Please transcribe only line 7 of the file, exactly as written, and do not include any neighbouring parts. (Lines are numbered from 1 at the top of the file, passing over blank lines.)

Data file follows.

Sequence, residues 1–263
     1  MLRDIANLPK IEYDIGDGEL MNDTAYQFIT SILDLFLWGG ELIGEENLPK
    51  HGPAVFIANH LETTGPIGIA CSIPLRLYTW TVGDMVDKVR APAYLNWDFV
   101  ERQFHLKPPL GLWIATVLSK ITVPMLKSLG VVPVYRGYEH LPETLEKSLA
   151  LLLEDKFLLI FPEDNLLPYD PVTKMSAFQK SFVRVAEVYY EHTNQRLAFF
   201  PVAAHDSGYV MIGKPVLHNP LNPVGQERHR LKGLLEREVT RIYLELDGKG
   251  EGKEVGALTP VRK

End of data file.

   251  EGKEVGALTP VRK